instruere...inlustrare...delectare Disputations

Tuesday, April 27, 2004

What I like about grave evil

The one thing I like about the moral act of abortion is how straightforward it is. "Direct abortion, that is to say, abortion willed either as an end or a means, is gravely contrary to the moral law." Period. So moral reasoning about abortion is duck soup.

(Yes, there are wrinkles like ectopic pregnancies, but ectopic pregnanices are not what the abortion debate is about.)

And yet, the very clarity of the categorical immorality of abortion can wind up clouding moral reasoning. Just as the sun's light blinds us to the other daytime stars, the evil of abortion can blind us to other evils in our world.

As a hypothetical example: Suppose we were faced with a choice between legalized abortion and unjust immigration law. What should we do?

An argument blinded by the enormity of abortion might look like this: "Life is the one absolute, bedrock, fundamental right, without which it's meaningless to speak of other rights. What constitutes just immigration law is a matter of prudential judgment, but abortion is everywhere and always evil. We must, therefore, resist legalized abortion and choose the purportedly unjust immigration law."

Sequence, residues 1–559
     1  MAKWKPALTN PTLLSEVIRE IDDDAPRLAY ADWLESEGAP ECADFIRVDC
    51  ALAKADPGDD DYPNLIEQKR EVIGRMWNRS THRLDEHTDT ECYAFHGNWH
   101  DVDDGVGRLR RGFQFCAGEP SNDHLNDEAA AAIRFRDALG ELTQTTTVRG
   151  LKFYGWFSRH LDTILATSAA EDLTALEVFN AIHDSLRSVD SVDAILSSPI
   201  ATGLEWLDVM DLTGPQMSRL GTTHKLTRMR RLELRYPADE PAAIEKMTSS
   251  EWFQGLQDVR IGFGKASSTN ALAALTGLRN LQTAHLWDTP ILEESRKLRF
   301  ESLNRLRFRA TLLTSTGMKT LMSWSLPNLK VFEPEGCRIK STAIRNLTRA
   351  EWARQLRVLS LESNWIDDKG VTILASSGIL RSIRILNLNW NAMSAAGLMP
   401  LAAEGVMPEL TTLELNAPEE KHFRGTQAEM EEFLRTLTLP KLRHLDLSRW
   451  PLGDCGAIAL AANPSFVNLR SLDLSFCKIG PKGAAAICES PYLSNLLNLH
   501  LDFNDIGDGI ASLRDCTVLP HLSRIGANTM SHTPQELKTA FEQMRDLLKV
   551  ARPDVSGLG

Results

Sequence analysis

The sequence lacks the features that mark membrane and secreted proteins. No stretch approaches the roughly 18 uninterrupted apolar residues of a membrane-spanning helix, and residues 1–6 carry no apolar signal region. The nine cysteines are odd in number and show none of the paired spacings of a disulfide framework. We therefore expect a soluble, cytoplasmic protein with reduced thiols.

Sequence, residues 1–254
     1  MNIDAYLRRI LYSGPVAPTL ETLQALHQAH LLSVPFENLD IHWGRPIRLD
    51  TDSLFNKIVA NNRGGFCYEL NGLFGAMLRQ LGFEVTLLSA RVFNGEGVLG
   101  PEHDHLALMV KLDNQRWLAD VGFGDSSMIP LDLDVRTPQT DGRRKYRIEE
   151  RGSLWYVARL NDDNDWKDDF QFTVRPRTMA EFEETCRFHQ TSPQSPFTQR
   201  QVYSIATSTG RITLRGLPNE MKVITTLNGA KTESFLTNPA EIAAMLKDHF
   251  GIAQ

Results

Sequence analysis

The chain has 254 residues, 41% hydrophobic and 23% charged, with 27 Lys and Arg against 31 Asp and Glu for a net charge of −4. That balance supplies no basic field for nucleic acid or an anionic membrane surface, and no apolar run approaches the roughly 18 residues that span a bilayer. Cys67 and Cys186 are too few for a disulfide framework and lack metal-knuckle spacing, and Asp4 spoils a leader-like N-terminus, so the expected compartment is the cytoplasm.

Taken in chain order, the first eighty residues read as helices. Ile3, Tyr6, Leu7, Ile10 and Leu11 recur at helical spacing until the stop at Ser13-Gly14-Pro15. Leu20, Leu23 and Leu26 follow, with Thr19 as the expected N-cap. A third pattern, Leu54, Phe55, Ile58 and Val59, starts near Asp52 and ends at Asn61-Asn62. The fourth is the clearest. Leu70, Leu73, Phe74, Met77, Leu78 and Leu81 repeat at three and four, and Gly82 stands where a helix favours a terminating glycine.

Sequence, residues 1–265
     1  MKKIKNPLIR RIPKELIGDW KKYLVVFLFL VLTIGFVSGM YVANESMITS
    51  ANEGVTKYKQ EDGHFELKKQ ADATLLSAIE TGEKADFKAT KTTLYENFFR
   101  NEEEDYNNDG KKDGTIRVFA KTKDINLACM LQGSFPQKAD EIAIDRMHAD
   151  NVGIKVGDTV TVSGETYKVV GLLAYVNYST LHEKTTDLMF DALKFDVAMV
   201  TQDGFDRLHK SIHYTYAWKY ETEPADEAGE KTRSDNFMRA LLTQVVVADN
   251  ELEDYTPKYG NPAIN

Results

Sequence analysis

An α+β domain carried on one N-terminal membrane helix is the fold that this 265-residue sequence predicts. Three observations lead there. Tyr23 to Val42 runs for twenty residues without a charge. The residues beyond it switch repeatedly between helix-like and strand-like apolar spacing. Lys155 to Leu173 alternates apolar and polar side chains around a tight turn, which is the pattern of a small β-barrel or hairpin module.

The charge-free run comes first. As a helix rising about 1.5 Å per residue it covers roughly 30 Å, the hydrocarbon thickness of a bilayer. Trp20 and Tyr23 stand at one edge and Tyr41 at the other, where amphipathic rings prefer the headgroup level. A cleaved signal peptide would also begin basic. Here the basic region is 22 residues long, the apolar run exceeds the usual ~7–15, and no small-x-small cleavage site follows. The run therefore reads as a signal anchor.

The correct answer, though, is: We should do neither.

The correctness of the answer is clearer when the evils are more proportionate: Should you punch the next person you see in the face, or in the gut?

I think the difficulty many have in recognizing that as a matter of fact we shouldn't choose unjust immigration law lies in part in the fact that many think "the lesser of two evils" is a legitimate way of choosing how to act. But the lesser of two evils is evil, and evil is never legitimate. Is this a failure of reason, do you think, or of faith?